Residents of southwest Charlottesville had the opportunity Thursday to interact with city officials in the latest of a series of town hall meetings.
The Our Town series was established in 2010 to provide an informal way for citizens to directly express concerns about the community.
“This is an unmediated opportunity to hear directly from folks, but the staff is here, as well,” said Charlottesville Mayor Mike Signer. “The intent of this is to sync up issues with responsible staff, as well as the policymakers.”
The latest installment was held for the neighborhoods of Fry’s Spring, Jefferson Park Avenue and Johnson Village. About 60 people attended the event in the cafeteria at the Johnson Village Elementary.
“You guys are the eyes and ears of the city,” said City Councilor Bob Fenwick, adding that concerns brought up at these meetings are useful for the city.
Gweneth West said she was concerned that new construction is driving up the cost of housing.
“The Wegmans shopping center [in nearby Albemarle] will increase tax assessments, and we’re all wondering if we’re going to be able to continue living here when we’re done with our jobs,” the Fry’s Spring resident said.
Councilor Kathy Galvin said the city is trying to address the housing issue and pointed to a city-commissioned study published earlier this year by the firm RCLCO.
“There is not enough housing built, and that means the housing we do have is getting more expensive,” Galvin said. “We’re really trying to get the data and hit the sweet spot, but your point is well taken.”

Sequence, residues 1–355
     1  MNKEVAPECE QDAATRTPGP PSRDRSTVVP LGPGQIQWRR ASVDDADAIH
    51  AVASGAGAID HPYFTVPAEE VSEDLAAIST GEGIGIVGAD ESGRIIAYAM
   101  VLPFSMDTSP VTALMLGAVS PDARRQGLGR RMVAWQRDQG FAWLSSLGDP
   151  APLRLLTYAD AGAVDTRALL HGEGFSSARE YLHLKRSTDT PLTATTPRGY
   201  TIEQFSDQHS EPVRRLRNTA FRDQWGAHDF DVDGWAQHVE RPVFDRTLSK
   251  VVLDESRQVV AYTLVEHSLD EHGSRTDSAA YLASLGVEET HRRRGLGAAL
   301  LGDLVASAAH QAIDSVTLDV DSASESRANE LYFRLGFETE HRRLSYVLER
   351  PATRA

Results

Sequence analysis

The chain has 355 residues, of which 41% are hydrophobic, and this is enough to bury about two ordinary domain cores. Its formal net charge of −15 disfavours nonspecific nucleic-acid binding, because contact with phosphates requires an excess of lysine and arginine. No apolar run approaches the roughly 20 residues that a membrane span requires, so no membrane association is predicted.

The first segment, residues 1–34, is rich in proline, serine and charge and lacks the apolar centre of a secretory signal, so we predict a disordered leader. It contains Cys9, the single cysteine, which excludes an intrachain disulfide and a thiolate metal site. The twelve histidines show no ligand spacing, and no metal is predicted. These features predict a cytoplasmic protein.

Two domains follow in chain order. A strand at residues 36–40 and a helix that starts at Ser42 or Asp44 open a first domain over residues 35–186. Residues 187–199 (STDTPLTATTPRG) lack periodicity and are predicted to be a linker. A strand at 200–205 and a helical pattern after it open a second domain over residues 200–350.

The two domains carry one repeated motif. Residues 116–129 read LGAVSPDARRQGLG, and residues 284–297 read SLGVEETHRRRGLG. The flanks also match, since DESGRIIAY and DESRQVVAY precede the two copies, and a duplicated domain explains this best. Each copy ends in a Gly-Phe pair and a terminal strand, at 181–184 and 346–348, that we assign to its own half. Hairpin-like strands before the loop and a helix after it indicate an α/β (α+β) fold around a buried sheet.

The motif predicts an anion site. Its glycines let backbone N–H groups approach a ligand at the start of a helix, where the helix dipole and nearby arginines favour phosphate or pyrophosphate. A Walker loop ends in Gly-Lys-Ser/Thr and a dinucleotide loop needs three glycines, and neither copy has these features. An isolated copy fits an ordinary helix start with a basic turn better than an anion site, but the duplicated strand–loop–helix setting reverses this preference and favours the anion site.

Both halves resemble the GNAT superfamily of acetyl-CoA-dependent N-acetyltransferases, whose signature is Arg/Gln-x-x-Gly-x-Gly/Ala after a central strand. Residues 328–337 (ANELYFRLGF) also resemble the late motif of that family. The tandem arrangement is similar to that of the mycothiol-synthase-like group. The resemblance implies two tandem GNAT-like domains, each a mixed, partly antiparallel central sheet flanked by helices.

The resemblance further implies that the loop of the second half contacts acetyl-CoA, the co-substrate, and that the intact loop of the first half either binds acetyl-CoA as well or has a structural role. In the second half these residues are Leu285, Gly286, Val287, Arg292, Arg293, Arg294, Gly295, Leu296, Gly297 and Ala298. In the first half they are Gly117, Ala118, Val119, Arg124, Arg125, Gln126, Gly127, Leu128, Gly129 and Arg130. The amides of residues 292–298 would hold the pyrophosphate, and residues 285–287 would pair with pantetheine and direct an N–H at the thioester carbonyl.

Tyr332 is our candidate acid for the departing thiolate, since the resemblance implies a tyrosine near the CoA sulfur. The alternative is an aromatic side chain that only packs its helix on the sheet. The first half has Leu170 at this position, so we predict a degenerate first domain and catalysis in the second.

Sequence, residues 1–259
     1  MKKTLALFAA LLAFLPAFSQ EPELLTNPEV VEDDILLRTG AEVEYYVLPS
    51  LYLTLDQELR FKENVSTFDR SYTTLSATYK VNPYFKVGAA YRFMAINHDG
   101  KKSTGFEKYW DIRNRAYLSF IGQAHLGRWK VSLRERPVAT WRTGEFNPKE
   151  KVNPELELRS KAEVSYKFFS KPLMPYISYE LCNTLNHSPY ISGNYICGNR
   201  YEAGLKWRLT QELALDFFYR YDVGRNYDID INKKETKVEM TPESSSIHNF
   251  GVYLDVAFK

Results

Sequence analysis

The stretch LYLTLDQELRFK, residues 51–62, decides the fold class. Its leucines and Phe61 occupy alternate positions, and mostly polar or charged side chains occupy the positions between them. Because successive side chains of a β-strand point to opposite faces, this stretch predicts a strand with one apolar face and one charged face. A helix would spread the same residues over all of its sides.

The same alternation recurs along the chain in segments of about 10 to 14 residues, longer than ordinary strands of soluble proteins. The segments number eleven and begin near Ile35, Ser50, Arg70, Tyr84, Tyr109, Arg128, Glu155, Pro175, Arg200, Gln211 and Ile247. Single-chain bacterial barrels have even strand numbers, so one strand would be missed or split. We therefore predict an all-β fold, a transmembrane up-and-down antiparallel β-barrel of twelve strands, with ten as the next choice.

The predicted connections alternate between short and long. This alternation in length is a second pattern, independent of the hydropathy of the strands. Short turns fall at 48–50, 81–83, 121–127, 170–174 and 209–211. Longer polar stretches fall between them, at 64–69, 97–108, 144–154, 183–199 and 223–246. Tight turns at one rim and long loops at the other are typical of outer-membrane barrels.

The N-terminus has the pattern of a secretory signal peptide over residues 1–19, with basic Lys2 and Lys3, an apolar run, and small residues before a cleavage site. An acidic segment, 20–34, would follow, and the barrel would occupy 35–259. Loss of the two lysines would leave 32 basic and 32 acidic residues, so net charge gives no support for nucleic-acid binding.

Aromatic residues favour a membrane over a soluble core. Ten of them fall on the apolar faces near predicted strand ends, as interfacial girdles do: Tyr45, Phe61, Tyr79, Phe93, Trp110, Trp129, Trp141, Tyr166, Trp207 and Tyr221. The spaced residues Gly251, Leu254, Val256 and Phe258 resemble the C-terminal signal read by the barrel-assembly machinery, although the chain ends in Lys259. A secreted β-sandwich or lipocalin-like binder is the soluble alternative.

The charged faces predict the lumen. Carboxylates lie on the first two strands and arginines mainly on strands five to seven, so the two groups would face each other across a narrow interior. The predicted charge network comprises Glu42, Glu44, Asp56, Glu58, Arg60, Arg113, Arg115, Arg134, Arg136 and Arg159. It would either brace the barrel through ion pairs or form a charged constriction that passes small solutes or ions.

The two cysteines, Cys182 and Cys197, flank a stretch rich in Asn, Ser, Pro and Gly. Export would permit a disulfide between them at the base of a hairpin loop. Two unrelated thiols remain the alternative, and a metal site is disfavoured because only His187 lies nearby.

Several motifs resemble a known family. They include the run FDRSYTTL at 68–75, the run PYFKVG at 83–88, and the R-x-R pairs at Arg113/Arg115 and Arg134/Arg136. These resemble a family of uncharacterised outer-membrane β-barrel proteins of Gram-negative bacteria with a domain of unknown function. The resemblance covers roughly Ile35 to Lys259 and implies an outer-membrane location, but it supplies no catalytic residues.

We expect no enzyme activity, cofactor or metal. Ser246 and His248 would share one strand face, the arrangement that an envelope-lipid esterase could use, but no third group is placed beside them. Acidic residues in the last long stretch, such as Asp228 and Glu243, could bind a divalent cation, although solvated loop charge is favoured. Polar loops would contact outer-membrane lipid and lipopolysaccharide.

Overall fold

West also wanted to know if the city could do something to stop the number of hotels coming to the area. Several hundred rooms are to be built in both the city and Albemarle County, adding to the 3,700 rooms currently here.
“Those folks are responding to the market, and the market has been very strong over the last several years,” said Chris Engel, the city’s economic development director. “People who own property are being approached by people who want to address that demand. These things run in cycles, and at some point, it will level off.”
One citizen asked what the city was doing to address the number of people who live in poverty.
“We did a report that looked at the barriers to self-sufficiency in our community, and out of that, we have spawned a couple of programs to address that through workforce development,” said City Manager Maurice Jones.
“We’ve created a number of programs called our Growing Opportunities programs.”
Jones said these programs have so far provided jobs for bus drivers and electricians, and other programs are being created to train more technical workers.
“We are working with employers to identify their labor needs,” Jones added.
Marlene Jones, of the Johnson Village neighborhood, asked if there is going to be an update to the city’s website to allow for citizens to pay taxes online.
“There’s no way to go online and look at your bills over the last few years,” she said. “It’s incredibly 20th century. As a citizen, we should have more modern services.”
City Manager Jones said such a portal is coming.
“We do have a mobile 311 system that we’re looking at now,” he said. “We’re reviewing proposals to address the complaint side, and we are having discussions about the ability to pay bills.”
One participant wanted a dead-end sign on Observatory Avenue to stop people from using the street as a cut-through. Another thanked the city for recent upgrades to Azalea Park, and another wanted sidewalks on Stribling Avenue.